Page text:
The researchers gave four-year-old children a set of cards with different kinds of shapes on them—both more typical shapes, like an equilateral triangle or a square, and more unusual ones like a parallelogram. One group just got to play with the cards.
For a second group, the experimenters joined in. They donned detective hats and explained that they were going to discover the secrets of the shapes. Then they pointed to a group of geometrically defined triangles or pentagons and asked the children to figure out their common secret. When the children responded, the grown-ups elaborated on what they said and asked them questions as part of the game.
For a third group of children, the experimenters acted like teachers. They said all the same things as the experimenters in the second group. However, rather than encouraging the children to generate the secret themselves, they simply told them what it was.
A week later the researchers asked the children to sort out a new group of shapes into “real” shapes that obeyed the geometrical rules and “fake” ones that didn’t. The children in the second, “guided play” condition did a much better job than either of the other two groups. They had learned the nature of the shapes more deeply, and understood the principles more completely.
This kind of guided play can serve as a model for teachers and educators. Scientists use the word “scaffolding” to describe this kind of interaction. It’s not that the grown-up builds knowledge for the child. Instead, the grown-up builds a scaffold, and the scaffold helps the child to build knowledge herself. This work on guided play parallels the work on children’s learning and listening I described earlier.
There are many ways that caregivers can contribute to play without telling children to play or trying to control how they play.Play is such a fundamental part of human childhood that it emerges even in awful circumstances. Children played even among the horrors of Nazi concentration camps. But clearly, play flourishes in a stable, safe environment. Caregivers have a more important role than anyone else in finding the resources to create that environment. It’s not easy or particularly fun, and none of us do it perfectly, but it’s a gift that lets children play.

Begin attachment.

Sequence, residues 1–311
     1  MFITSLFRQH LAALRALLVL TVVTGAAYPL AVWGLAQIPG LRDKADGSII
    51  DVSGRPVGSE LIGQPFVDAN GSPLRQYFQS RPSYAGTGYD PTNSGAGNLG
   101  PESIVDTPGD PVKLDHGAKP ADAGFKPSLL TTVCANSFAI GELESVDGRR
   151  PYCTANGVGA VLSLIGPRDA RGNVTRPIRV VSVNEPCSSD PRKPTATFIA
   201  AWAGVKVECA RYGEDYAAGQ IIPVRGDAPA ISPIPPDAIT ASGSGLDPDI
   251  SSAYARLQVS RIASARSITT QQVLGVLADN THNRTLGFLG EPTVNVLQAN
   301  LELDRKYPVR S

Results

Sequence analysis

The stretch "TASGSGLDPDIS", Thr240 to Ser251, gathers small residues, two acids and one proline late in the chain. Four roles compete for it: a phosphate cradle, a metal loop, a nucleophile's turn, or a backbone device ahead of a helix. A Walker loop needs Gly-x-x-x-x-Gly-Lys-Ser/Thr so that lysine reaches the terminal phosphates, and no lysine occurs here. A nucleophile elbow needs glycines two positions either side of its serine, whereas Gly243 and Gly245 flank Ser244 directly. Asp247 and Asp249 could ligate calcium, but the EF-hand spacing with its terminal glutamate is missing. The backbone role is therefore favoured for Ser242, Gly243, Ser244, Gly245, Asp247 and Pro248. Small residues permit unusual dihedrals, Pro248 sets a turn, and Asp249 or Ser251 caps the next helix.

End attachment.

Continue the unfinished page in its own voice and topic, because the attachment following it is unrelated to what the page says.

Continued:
Second, caregivers can contribute to the richness of a child’s world. Children play differently in different cultures partly because they are surrounded by different things to play with, from sticks, rocks, and corncobs to iPads. Grown-ups can provide those playthings. They can give children a chance to master the tools of their particular culture, like the adult crows that let
the babies play with their sticks and leaves.
A Wired magazine contest awarded sticks the prize of the all-time best toy. But they can be joined by pots and pans, watering cans and flowerpots, goldfish and caterpillars, and even iPhones and tablets.
And grown-ups can sometimes join in the play themselves. If children are exploring the minds of others, then the actual minds of actual others are the best toys of all. “Guided play” is a nice example. The grown-ups allow the children to lead the way, but they are also there to suggest or elaborate (and wear those silly detective hats).
But there is a more important reason to play with children. Play is really fun for grown-ups, too.
Alison Gopnik is a professor of psychology and an affiliate professor of philosophy at the University of California, Berkeley. She is an internationally recognized leader in the study of children’s learning and development. She writes the Mind and Matter column for The Wall Street Journal and is the author of The Philosophical Baby and coauthor of The Scientist in the Crib. She has three sons and lives in Berkeley, California, with her husband, Alvy Ray Smith.